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There was a small river that flowed into the sea. Some Tungus lived at the mouth of the river, and caught fish. One time they came to the sea and saw a sea-spirit as big as a whale coming up from under the water. The sea-spirit said, "O people! you are here. I want to devour you." They prayed to him to let them live. "All right," said the spirit, "I will devour only one man now, and the others may go home, but every day you must give me one man. You must bring him to the sea, and leave him near the water. He shall be food for me. Otherwise, if you do not do as I bid, I shall carry off your nets and drive away all the fish. I shall turn over your canoes, and so I shall surely devour you, nevertheless.

The Tungus went home, leaving one of their number behind. They went to their chief, and said to him, "What is to be done? We have to give away one man after another. We cannot live without the sea." So they gave to the spirit one victim after another. At last came the turn of the only daughter of the chief. They took her to the sea and put her down on the sand. Then they went back. The young girl sat there awaiting her death. Then she saw a young man coming. He was a wanderer, who, knew neither father nor mother, and was walking around aimlessly. "What are you doing here?" said the young man--"I am awaiting my death. The sea-spirit is coming to devour me."--"The sea-spirit! What is he, like? I want to stay here and see him."--"Young man," said the chief's daughter, "go home. What need of two human lives being destroyed?"--"I have no fear," said the young man. "I have neither father nor mother. There is not a single soul in the world that would lament my death. I shall sit here and wait for the sea-spirit." He took

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his place close to the chief's daughter, and said to her, "Louse me a little, and make me sleep! But if anybody comes, make me get up!"

So he slept, and did not wake until the flood tide set in, and with the flood came the sea-spirit. He saw the young man, and said with joy, "Ah, good people! this time they brought two people instead of one." The chief's daughter wanted to rouse the young man; but he slept on, and took no heed of all her nudging and shaking. So she cried over him and a hot tear trickled down and fell upon his face." The young man awoke instantly and sprang up. "Ah, ah," said he, "you are already here!" He attacked the sea-monster, and they fought until late in the evening. At last the young man grasped the upper jaw of the monster, and tore it off along with the skull. "Oh, I am tired!" said the young man. He sat down again and put his head upon the girl's lap. "Louse me again," said he, and she did so. He went to sleep as before. One of the herdsmen of the chief came to the shore. He said to the girl, "Why, you are still alive?"--"I am," said the girl." And how is it with the sea-spirit?"--"This man has killed him."--"You lie!" said the herdsman. "Who will believe that a loitering fellow like this man with no kith or kin, could kill the monster? It is I who killed the monster."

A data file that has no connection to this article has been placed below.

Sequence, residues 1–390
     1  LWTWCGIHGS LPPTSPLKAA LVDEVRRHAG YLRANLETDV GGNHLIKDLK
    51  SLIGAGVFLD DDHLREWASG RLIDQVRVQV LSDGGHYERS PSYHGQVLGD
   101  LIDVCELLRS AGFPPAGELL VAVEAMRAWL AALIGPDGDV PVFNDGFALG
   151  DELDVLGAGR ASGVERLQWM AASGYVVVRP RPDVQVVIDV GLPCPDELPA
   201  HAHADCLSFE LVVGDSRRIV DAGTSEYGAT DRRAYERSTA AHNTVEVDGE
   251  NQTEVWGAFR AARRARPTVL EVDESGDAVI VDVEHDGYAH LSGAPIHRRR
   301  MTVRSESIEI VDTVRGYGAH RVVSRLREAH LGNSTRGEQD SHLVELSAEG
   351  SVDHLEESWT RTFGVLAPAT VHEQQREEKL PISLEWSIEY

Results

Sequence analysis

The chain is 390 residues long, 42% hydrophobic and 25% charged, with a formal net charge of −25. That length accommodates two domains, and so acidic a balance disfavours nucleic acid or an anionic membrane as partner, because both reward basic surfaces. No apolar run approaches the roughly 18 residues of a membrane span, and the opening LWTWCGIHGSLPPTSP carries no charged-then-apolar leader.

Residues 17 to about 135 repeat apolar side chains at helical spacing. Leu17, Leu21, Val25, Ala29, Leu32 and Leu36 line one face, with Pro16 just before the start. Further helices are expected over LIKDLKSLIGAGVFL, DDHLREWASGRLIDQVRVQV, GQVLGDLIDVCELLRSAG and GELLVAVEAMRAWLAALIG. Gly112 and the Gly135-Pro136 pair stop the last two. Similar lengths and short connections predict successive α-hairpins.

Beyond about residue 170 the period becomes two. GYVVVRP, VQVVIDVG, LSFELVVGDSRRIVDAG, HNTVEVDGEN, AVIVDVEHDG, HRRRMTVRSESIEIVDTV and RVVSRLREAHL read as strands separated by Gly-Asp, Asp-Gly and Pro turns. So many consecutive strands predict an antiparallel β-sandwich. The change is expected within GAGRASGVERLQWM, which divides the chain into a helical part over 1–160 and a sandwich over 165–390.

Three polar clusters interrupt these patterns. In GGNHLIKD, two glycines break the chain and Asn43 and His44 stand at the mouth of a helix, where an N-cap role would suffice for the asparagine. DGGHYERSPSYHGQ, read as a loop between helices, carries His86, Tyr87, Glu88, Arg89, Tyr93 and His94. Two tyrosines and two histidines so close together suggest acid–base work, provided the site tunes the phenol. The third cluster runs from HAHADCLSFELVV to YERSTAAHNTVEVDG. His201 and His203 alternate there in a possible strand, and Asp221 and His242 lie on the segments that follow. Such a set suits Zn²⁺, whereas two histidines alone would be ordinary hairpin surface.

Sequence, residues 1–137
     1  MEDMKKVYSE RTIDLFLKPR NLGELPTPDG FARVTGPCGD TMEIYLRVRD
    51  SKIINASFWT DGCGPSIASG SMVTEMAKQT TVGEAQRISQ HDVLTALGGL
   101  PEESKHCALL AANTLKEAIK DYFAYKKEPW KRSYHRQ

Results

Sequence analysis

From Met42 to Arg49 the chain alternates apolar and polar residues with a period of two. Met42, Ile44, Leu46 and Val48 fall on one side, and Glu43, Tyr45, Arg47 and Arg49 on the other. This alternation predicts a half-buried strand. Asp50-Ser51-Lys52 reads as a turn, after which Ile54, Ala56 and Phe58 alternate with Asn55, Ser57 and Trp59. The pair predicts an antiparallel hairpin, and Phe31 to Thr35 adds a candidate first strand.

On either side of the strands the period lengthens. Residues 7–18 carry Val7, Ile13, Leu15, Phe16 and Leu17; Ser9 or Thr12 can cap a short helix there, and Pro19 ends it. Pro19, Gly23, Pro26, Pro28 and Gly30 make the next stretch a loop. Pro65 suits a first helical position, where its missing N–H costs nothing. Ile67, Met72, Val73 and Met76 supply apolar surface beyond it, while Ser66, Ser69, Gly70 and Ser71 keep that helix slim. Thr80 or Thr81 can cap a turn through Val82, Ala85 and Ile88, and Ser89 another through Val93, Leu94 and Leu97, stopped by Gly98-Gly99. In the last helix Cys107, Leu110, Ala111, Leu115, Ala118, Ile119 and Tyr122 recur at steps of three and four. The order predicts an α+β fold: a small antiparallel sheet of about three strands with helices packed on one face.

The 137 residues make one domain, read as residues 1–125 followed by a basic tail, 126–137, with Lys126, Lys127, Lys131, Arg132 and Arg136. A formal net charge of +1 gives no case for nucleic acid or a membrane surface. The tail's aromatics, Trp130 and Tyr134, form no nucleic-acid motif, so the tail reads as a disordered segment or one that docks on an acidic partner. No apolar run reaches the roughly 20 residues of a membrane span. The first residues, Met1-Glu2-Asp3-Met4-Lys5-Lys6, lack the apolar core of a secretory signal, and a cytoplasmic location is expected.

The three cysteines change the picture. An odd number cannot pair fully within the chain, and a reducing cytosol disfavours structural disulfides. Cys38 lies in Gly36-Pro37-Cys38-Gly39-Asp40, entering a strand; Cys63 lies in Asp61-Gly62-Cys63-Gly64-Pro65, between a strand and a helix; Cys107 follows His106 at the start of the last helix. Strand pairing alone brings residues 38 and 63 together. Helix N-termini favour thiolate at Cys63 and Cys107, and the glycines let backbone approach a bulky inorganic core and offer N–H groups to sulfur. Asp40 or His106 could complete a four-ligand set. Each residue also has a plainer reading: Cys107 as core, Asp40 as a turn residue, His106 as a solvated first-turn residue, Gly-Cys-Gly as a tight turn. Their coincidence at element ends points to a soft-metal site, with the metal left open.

He drew a knife and stabbed the man. He threw his body into the sea, and said to the girl, "Thus have I done; and if you contradict me with as much as a word, I shall do the same to you." She was frightened, and promised to obey him and to say that he had killed the monster. So he took her by the hand and led her back to her father. "Here," said he, "I have killed the sea-monster, and saved your only daughter from death. Your daughter is mine at present." The father was full of joy. "All right," said he, "take her and marry her." They arranged a great bridal feast for the next morning.

In the meantime, the chief's daughter called together all the girls of the village, and they prepared a large drag-net, as large as the sea itself. They cast it into the sea and dragged it along the shore, and then right across the sea. They toiled and toiled the whole night long, and in the morning at dawn they caught the body of her rescuer. "Here it is," said the chief's daughter. "This man saved me from the monster, and the herdsman stabbed him in his sleep. Now I shall stab myself, so that both of us may have one common funeral."--"Do not do so," said one of her companions. "I know a rock not far from here. From under that rock comes a stream of water, scalding hot, but good for healing all kinds of wounds." She went to the rock with a stone bottle and fetched some of the water. They washed the wound with it, and, lo! the youth came to life again. The girl took him by the hand and led him to her father. "This is the man who saved me.

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The other one is a traitor and an impostor." So they killed the herdsman, the young man married the girl, and they lived there. The end.

Told by Innocent Karyakin, a Tundra Yukaghir on the western tundra of the Kolyma country, winter of 1895.


12:1 This story represents a Tundra Yukaghir version of the well-known tale of the dragon and the young princess.--W. B.--Bolte und Polívka, l. c., vol. 1, 547; E. Cosquin, Contes populaires de Lorraine, vol. 1, 66, and vol. 2, 260.--F. B.

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